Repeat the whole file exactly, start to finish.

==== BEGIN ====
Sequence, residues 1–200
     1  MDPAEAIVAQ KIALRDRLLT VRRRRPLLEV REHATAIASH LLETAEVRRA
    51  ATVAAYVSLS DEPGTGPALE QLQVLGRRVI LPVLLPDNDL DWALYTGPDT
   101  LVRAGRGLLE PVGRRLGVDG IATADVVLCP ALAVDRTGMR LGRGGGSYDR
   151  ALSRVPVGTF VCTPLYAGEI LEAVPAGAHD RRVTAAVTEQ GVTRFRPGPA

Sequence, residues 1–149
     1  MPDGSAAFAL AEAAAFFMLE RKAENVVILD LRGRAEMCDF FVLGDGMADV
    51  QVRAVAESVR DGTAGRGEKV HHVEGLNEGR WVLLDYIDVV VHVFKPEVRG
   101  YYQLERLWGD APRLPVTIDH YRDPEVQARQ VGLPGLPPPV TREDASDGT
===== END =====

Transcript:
Sequence, residues 1–200
     1  MDPAEAIVAQ KIALRDRLLT VRRRRPLLEV REHATAIASH LLETAEVRRA
    51  ATVAAYVSLS DEPGTGPALE QLQVLGRRVI LPVLLPDNDL DWALYTGPDT
   101  LVRAGRGLLE PVGRRLGVDG IATADVVLCP ALAVDRTGMR LGRGGGSYDR
   151  ALSRVPVGTF VCTPLYAGEI LEAVPAGAHD RRVTAAVTEQ GVTRFRPGPA

Sequence, residues 1–149
     1  MPDGSAAFAL AEAAAFFMLE RKAENVVILD LRGRAEMCDF FVLGDGMADV
    51  QVRAVAESVR DGTAGRGEKV HHVEGLNEGR WVLLDYIDVV VHVFKPEVRG
   101  YYQLERLWGD APRLPVTIDH YRDPEVQARQ VGLPGLPPPV TREDASDGT